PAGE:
Biographies of the 2005 Laureate Award Honorees

The Texas Chapter presented its highest award to four distinguished members Nov. 5 in the Woodlands. Kenneth Nugent, MD, FACP, Lubbock; Rody P. Cox, MD, FACP, Dallas; and Temple W. Williams, Jr., MD, FACP, Houston, were named Laureates of the Texas Chapter of the ACP.

The Laureate Award honors Fellows and Masters of the ACP who have demonstrated by their example and conduct an abiding commitment to excellence in medical care, education, or research, and in service to their community, the Chapter, and the ACP.


Kenneth Nugent, MD, FACP

Kenneth Nugent was born in Fort Worth, Texas, in 1946 and grew up in Sugar Land. He received his undergraduate degree in Zoology from The University of Texas in Austin in 1967 and his medical degree from Washington University in St. Louis in 1971. Dr. Nugent completed Internal Medicine residency training and a Pulmonary Fellowship at the University of Iowa in Iowa City. He worked for two years as a Research Associate in the Laboratory of Streptococcal Diseases at the National Institutes of Health (NIH) in Bethesda, Maryland. He then joined the faculty at the University of Iowa in the Pulmonary and Critical Care Division. In 1984 he moved to Tyler, Texas, and The University of Texas Health Center in Tyler. In 1986 he moved to Lubbock, and became Professor of Medicine and Chief of the Pulmonary and Critical Care Division at Texas Tech University Health Sciences Center. Between 1989 and 2005 he was Associate Chairman in the Department of Internal Medicine, and since 1987 has been Program Director for the Internal Medicine residency program.

While at Washington University, Dr. Nugent developed an interest in laboratory studies in microbiology. This interest was reinforced during his training at the NIH. During his pulmonary fellowship he developed a murine model for studying the effect of influenza infection on pulmonary host defenses. His time at the University of Iowa also provided opportunity for clinical projects in interstitial lung diseases. These research activities have resulted in 60 publications, including one in French, and one book chapter.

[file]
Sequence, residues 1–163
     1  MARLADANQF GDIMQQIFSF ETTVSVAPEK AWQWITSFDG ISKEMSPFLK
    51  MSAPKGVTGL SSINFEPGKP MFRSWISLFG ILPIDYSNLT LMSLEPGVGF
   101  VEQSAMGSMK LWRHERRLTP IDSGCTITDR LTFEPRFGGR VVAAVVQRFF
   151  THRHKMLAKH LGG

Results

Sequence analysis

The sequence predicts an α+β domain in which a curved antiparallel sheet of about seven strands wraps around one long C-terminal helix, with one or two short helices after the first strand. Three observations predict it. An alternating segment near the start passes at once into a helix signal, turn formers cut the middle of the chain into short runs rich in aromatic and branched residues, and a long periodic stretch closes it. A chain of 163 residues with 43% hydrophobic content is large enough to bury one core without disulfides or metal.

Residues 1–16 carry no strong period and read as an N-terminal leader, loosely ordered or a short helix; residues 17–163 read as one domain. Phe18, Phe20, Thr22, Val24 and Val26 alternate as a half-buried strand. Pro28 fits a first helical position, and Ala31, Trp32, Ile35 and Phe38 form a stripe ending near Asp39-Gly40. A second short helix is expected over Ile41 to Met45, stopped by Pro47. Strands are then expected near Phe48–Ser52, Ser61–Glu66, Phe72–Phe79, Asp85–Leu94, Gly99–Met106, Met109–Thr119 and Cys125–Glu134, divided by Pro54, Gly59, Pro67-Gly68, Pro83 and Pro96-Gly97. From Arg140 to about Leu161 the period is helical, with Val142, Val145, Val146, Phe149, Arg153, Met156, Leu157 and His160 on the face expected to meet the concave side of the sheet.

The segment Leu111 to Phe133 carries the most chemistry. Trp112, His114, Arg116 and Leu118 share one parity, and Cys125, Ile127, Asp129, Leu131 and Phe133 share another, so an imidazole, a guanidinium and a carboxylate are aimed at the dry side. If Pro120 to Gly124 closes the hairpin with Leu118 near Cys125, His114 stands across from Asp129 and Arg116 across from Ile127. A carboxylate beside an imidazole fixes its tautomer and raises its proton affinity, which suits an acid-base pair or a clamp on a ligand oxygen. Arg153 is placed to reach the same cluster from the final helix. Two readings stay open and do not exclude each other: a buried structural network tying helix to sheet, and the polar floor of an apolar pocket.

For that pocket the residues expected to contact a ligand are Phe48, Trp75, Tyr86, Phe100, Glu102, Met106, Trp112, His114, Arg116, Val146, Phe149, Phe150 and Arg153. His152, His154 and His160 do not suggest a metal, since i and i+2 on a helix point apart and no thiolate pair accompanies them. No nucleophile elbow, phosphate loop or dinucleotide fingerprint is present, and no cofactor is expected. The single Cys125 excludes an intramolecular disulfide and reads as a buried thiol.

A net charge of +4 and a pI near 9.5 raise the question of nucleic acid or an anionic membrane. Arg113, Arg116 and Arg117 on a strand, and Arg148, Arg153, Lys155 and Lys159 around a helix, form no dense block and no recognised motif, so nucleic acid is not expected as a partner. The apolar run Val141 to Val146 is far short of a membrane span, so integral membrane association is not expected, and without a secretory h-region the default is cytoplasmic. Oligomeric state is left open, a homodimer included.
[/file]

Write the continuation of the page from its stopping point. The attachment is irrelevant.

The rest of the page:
After moving to the Department of Internal Medicine at Texas Tech University Health Sciences Center, Dr. Nugent has taken on long-term responsibilities for resident training, student education, and management of the Medical Intensive Care Unit at University Medical Center. For his work as a clinician-teacher he has been honored twice as the Outstanding Teacher in the Department of Internal Medicine and twice as a Physician Mentor of the Year by all residents at University Medical Center. In 1997 he was selected as one of the two initial recipients of the University Medical Center Endowed Chair program. Dr. Nugent is a Fellow in the American College of Physicians and is a member of the American Thoracic Society and the Southern Society of Clinical Investigation. He is on the Board of Directors of the American Lung Association of Texas and has served as a consultant to the State Department of Health¹s Tuberculosis program.

Dr. Nugent currently serves a member of the TAIM Board of Directors. He has served as advisor and mentor to medical students and residents of the Northwest Region of the Texas Chapter for their successful involvement in the regional and statewide competitions. Dr. Nugent provides distinguished leadership and organization of the Northwest Regional Associates meetings each year, which includes the Texas Tech University campuses of Lubbock, Amarillo, and Odessa.